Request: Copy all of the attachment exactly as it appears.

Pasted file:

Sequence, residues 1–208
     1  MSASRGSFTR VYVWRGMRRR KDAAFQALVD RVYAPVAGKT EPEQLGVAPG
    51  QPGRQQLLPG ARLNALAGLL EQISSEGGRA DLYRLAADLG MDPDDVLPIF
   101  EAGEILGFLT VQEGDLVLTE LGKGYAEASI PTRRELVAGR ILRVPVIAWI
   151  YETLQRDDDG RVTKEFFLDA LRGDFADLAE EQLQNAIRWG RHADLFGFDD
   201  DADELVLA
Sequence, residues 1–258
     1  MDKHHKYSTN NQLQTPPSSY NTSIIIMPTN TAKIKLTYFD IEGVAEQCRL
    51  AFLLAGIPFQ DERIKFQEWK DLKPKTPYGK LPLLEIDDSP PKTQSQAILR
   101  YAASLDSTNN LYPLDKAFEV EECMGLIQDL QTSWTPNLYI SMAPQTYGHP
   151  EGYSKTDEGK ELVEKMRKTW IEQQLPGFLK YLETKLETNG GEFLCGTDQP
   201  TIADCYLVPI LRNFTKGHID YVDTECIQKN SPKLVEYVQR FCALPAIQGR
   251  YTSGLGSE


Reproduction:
Sequence, residues 1–208
     1  MSASRGSFTR VYVWRGMRRR KDAAFQALVD RVYAPVAGKT EPEQLGVAPG
    51  QPGRQQLLPG ARLNALAGLL EQISSEGGRA DLYRLAADLG MDPDDVLPIF
   101  EAGEILGFLT VQEGDLVLTE LGKGYAEASI PTRRELVAGR ILRVPVIAWI
   151  YETLQRDDDG RVTKEFFLDA LRGDFADLAE EQLQNAIRWG RHADLFGFDD
   201  DADELVLA
Sequence, residues 1–258
     1  MDKHHKYSTN NQLQTPPSSY NTSIIIMPTN TAKIKLTYFD IEGVAEQCRL
    51  AFLLAGIPFQ DERIKFQEWK DLKPKTPYGK LPLLEIDDSP PKTQSQAILR
   101  YAASLDSTNN LYPLDKAFEV EECMGLIQDL QTSWTPNLYI SMAPQTYGHP
   151  EGYSKTDEGK ELVEKMRKTW IEQQLPGFLK YLETKLETNG GEFLCGTDQP
   201  TIADCYLVPI LRNFTKGHID YVDTECIQKN SPKLVEYVQR FCALPAIQGR
   251  YTSGLGSE